Black Graduation

Black Graduation

Story by Haley Schlatter

Photo courtesy of Nathan Worden

Enthused students, nervous parents, and sweltering heat will all be in attendance on May 24, 2015. But some students fought harder than others to get to this monumental graduation day.

When senior Jasmine Johnson walks across the stage in her cap in gown, she will receive a diploma for not one, but three majors. As a black student on Chapman University’s campus, Johnson’s dedication to academia should be celebrated and validated.

And she’s doing everything she can to make that happen.

“We need to have Black Graduation here at Chapman because Chapman has no resources for minoritized students,” said Johnson. “I think this event is important to let people know that we understand the additional stress that you had as a student here at Chapman. We recognize the importance and how great it is for you to have finished even with all of the difficulties and we want to celebrate that.”

Chapman’s first Black Graduation ceremony serves as a special landmark event to many minority students on campus.

“BSU has been inspired by other campuses who put on this event for their graduating black students and allies,” said Summer Blair, sophomore and 2016 Black Student Union president. “The reality is that graduation rates for minority students is low and to celebrate this achievement for those who are rising above this statistic is important.”

But this ceremony dedicated to minority students has raised questions for some.

For Ben Gallagher, Black Graduation builds an unnecessary divide. Rather than promote inclusion, the event unnecessarily separates the student body.

“I think that chapman does a great job of trying to be inclusive and sometimes in trying to do so it is received as exclusive. (Black Graduation) separates an entire group from the rest of the student body,” said Gallagher, a sophomore public relations and advertising student.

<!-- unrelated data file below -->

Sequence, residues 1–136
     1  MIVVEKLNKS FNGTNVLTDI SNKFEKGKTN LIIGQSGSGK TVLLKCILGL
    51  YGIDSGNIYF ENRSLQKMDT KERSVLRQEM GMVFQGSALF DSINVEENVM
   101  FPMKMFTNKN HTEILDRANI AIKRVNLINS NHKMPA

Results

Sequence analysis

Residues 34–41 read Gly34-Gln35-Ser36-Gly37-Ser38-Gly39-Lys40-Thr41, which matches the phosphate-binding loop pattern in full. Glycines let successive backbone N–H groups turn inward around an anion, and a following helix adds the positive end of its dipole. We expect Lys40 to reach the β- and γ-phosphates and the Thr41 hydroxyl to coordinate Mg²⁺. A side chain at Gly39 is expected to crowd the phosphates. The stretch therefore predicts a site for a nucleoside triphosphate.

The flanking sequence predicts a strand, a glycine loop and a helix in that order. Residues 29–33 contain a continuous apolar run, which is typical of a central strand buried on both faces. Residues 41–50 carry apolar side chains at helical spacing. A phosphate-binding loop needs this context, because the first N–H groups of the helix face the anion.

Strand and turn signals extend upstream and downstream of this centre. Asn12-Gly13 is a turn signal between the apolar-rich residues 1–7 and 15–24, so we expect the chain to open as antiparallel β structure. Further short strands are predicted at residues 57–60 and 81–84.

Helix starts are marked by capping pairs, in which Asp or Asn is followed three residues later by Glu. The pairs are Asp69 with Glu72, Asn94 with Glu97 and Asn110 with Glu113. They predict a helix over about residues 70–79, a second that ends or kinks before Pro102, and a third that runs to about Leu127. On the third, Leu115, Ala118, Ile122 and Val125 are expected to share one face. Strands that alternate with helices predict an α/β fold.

But for Johnson, Black Graduation calls special attention to students who have overcome substantial obstacles to receive a degree.

“It doesn’t happen often that minoritized students are accepted into four year universities, let alone that they finish and graduate. It’s a huge accomplishment for a minoritized student to receive a degree,” said Johnson. “I’ve heard students say, ‘isn’t this segregation, isn’t this reverse racism? Why isn’t there a White Graduation?’ And what I say to that is: ‘I live in a white graduation society,’” said Johnson.

This year’s Black Graduation ceremony will not only honor black students, but also include racially diverse students and LGBTQ students. Ally students have been invited to participate in the ceremony, as well.  

Students organizing the event have received additional support from Chapman’s administration.

With support from staff and administration, those in charge of Black Graduation have found the experience rewarding.

“It was initially stressful just because I had no concept of how planning would work, but that was very brief,” said Amanda Ball, sophomore strategic corporate communications major and co-organizer. “Dr. K White Smith has been incredibly helpful with advising throughout the process. No matter how stressful it could have gotten, it would have been something I would be more than willing to take on again because I think it's an important ceremony for students of color on Chapman's campus to have.”

Looking towards the future, students in support of Black Graduation hope the event goes beyond celebrating current seniors.  

“I really hope to call attention to those lack of resources and hopefully educate people and put people in action to bring those resources here to chapman,” said Johnson.

Black Graduation is on May 21 at 7pm in Memorial Hall.